Entering the Discourse is a thrice-weekly column where we dig into who is saying what about new releases and upcoming projects. Today, we look at a trend emerging in the horror space around found footage and the controversy around Rob Savage’s new film DASHCAM.
Last year, there was an influx of screen-life horror films or films that used digital interfaces as a setting for terror. Think Rob Savage’s Host, which made Zoom calls, the one tenuous connection we had to the world, horrific. Now, found footage in its more traditional form is on the rise, with the upcoming release of V/H/S/94 and Paranormal Activity: Next Of Kin, as well as the discourse surrounding Savage’s latest film DASHCAM.
Savage’s DASHCAM made quite a splash at the Toronto International Film Festival. Some critics raved about his latest film, but much of the discussion arose around the casting of his main character. Annie Hardy plays the film’s dashcam operator who sits in her car and spouts anti-mask rhetoric that is unfortunately all too real in this day and age. But Hardy is not playing a character; she is playing herself.
Hardy has her own show, called Band Car, where she drives around and live streams her thoughts, which include rants denying the existence of COVID-19. When asked about his choice to cast Hardy in a post-screening Q&A, Savage said:
“I just think there’s no harm in spending time with people who don’t have the same opinion as you, and I think that at some point in the very near future, we’re gonna hit a wall where there’s gonna be a certain chunk of the population that aren’t gonna get vaccinated and we’re gonna have to live shoulder to shoulder with people who demonstrably don’t share our values, live in a reality that is slightly off from our own. And also, Annie’s playing a much more cartoonish version of herself in this movie. She’s got a genius mind that was key in the same way as on Host; we had this group of friends who had this really nice, natural, easy chemistry that I relied on so much day in, day out when I was shaping the film. Working with Annie, relying on her wit and her spontaneity and her creativity was huge and essential and we wouldn’t have been able to make this film in the way that we did without her. It’s important to talk about Annie I think as a collaborator on this movie and not the subject of this movie. We’re not making a documentary about Annie. She’s a much less abrasive character in real life than she is in the movie.”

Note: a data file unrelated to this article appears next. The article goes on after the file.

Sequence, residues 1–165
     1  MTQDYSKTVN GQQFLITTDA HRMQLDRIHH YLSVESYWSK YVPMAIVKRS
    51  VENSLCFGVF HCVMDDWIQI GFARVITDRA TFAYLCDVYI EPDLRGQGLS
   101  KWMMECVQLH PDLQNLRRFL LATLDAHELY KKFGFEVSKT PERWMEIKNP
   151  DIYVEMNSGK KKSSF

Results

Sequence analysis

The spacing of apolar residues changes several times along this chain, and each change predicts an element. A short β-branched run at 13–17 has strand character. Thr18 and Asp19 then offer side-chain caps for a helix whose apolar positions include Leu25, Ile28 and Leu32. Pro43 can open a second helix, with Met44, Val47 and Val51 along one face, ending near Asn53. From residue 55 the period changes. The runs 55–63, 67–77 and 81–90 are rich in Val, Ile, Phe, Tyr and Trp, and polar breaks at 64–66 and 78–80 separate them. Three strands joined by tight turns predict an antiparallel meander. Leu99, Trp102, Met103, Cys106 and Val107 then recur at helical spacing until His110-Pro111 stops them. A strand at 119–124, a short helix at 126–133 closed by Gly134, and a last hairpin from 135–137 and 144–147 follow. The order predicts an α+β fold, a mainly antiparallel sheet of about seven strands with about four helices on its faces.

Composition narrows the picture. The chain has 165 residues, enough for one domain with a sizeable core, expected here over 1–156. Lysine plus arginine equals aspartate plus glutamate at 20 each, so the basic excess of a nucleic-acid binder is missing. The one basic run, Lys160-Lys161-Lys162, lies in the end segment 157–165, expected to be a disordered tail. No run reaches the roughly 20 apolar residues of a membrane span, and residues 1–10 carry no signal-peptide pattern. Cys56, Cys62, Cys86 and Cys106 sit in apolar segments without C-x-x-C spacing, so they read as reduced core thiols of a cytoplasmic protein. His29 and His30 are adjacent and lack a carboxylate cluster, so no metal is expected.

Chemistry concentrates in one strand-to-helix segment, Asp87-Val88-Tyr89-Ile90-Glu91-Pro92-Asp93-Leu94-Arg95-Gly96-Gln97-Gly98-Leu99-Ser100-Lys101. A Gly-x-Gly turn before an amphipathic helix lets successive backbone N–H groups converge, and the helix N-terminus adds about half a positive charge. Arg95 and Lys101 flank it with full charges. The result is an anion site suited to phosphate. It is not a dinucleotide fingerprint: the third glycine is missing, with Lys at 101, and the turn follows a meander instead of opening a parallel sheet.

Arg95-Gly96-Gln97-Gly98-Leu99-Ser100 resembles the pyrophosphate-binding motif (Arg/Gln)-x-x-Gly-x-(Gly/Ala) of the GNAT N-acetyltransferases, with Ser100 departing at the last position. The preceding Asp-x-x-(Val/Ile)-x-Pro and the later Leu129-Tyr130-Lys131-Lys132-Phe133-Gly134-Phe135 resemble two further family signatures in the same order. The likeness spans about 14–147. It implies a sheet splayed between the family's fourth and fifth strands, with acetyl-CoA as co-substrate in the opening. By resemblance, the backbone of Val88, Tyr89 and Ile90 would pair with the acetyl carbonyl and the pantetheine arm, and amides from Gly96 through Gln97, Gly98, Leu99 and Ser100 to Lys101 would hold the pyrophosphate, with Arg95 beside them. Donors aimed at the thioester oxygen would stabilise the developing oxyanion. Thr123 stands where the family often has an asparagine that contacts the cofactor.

This brings up a fascinating issue with found footage, which only grows with our dependence on the internet. This technique has always manipulated the truth, aiming to trick viewers into thinking the cinematic horrors actually happened. DASHCAM blurs that boundary even more with this casting choice, calling into question the responsibility of the filmmaker in letting a person play themselves under the guise that it’s a character.
Running parallel to this discussion are the upcoming releases of Paranormal Activity 7 and V/H/S/94. Both are the newest entries in their respective beloved horror franchises and while not much is known about their plots, seem more conventional in the story. And yet, there is still that thread of questioning authenticity that flows through them. While these two films may not feature an angry COVID denier spewing vitriol online, they still address the construction, and deconstruction, of truth just through their format alone. Truth is a hot button issue now more than ever, so found footage inherently lends itself to a discussion of what the concept even means.
Yes, we know it’s a movie. But the footage is so raw, so unprofessional. Maybe it could be real? That question nags at the back of our brains, even if we don’t want to admit it, just as we constantly question the validity of anything we read online. Found footage holds up a mirror to how we interact with the world and exposes potentially horrific truths about the ways of the world. V/H/S/94 plays into that with its story about a cult whose collection of horrific tapes expose a conspiracy. It imagines the inner workings of some clandestine machine with sinister intentions for the rest of the world, a similar theory recited by paranoid Twitter users and alt-right pundits.
These films are indicative of the reemergence of found footage as a way to interpret our own cultural anxieties. Just as it was used post-9/11 to process societal fears about invasion and familial destruction — see Cloverfield and Paranormal Activity — it’s now being used to express anxieties around deception. So as you watch that shaky-cam footage and terror in night vision, look beyond the images on screen and into your own subconscious. That film may be scaring you more than you care to admit.